The vast majority of Republican Senators are about to demonstrate, yet again, that they are authoritarians, cowards, or both. So I think it’s a good time to share Mark Graber’s reminder that the grounds for Trump’s conviction do not depend on criminal incitement.
The extent to which impeachment risks being overlegalized can be assessed by the verbs people use when describing former President Trump’s behavior and the standards for impeachment. The evidence is clear that President Trump caused, encouraged, provoked, and supported the insurrection of January 6. “Inspired,” “emboldened,” and “facilitated” also come to mind. Wordsmith’s could not doubt come up with at least ten other verbs that no one questions accurate capture Trump’s responsibility for January 6. Putting aside technical questions of American constitutional law, any sane person would want to impeach a president who, despite being the chief law enforcement official of the United States, caused, encouraged, provoked or supported an insurrection. We would fire a police officer who while on the job caused, encouraged, provoked and supported an insurrection. Same for the president.
“Incitement” is, at least in constitutional law, a technical legal term that is designed to protect private speakers who have no law enforcement responsibilities. The soapbox orator is free to say “something ought to be done to prevent Congress from [whatever] in part because the soapbox orator is not constitutionally charged with protecting Congress when Congress does whatever. Proving incitement under the First Amendment is and ought to be very, very difficult. Whether the House managers who are demonstrating beyond a reasonable doubt causing, encouraging, provoking, and supporting will prove inciting as inciting is defined in the First Amendment is not entirely clear, though they are doing a good job. But no sane regime would demand incitement when causing, encouraging, providing and supporting an insurrection are clear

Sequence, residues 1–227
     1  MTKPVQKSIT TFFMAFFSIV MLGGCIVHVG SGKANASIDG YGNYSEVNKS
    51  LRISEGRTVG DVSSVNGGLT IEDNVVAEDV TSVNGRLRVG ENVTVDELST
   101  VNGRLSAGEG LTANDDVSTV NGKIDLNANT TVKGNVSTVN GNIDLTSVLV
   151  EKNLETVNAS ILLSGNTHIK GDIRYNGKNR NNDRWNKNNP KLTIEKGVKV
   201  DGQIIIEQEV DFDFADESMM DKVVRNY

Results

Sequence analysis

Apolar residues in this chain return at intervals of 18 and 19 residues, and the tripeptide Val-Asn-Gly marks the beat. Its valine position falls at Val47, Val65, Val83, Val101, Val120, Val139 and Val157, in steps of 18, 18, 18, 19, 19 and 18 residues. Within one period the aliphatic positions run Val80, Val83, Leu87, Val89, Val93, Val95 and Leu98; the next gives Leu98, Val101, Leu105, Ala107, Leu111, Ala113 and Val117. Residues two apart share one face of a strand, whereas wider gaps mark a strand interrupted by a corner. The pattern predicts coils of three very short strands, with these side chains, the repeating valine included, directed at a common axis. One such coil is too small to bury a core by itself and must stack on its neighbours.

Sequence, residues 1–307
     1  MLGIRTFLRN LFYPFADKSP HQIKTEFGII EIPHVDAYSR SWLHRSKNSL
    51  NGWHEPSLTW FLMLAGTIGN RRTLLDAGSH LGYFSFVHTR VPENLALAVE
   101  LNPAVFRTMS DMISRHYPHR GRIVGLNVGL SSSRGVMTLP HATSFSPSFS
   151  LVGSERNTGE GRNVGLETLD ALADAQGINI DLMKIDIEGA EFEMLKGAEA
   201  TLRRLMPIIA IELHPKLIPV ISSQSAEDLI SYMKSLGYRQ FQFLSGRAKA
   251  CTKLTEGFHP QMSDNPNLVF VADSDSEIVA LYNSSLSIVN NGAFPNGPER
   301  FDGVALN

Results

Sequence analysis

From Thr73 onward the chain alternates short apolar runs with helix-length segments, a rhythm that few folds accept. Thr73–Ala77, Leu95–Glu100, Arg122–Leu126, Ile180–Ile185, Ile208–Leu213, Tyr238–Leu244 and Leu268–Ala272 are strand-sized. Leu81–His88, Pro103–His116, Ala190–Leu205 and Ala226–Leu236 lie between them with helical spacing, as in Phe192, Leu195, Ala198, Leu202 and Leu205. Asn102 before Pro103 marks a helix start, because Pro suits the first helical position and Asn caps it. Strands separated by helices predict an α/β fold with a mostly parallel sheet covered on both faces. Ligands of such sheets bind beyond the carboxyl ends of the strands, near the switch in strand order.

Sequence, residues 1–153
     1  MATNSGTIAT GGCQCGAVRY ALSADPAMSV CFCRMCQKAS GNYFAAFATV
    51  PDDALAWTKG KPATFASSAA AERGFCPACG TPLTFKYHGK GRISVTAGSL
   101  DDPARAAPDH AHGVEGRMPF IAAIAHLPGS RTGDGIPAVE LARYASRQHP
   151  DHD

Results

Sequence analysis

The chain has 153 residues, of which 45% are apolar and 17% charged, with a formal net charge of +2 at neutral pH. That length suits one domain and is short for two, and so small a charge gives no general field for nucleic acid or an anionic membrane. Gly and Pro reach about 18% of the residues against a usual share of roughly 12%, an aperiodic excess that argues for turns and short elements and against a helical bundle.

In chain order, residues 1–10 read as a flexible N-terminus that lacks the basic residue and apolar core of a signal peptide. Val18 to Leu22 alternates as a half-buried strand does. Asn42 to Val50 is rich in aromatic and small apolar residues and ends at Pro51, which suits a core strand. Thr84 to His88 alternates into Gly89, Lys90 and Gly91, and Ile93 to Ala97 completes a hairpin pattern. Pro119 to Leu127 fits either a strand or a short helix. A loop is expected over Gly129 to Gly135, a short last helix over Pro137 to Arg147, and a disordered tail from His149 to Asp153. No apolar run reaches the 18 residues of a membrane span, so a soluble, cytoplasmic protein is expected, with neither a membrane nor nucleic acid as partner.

Republicans have routinely sought to make impeachment a matter of criminal law. Among other things, they have declared the proceedings illegitimate for failing to meet normal standards of due process, as well as that Trump’s months-long assault on the democratic process – which culminated in violent insurrection – is protected speech and therefore cannot serve as a basis for impeachment.
The Trump administration saw an ongoing subversion of legal-rational principles in favor of neo-patrimonial governance. The former emphasizes the autonomy of the state apparatus from the personal interests of the political leadership. In the latter, the state is reduced to an extension of the personal interests of the president. In many ways, this is the essence of Trumpism: the erasure of the distinction between the office and the man occupying it.
Hence, my initial reaction to what Graber calls the “overlegalization” of impeachment: that there is something ironic about how the GOP has facilitated the breakdown of legal-rational governance by appealing to rule-of-law principles that aim to protect citizens from the arbitrary exercise of state power.
On second thought, though, I’m less sure. The misapplication at the heart of GOP claims is, weirdly enough, a logical extension of Trumpism. It reflects the collapse of the distinction between the person and the office, and the reimagining of the Republic (from “res publica” – “the public thing”) as Trump’s personal patrimony. It’s not surprising, then, how much the arguments for impeachment rest on appeals to small-r republican principles, and how little the same is true of the arguments against.
Note: this post has been edited for clarity and grammar since its initial publication.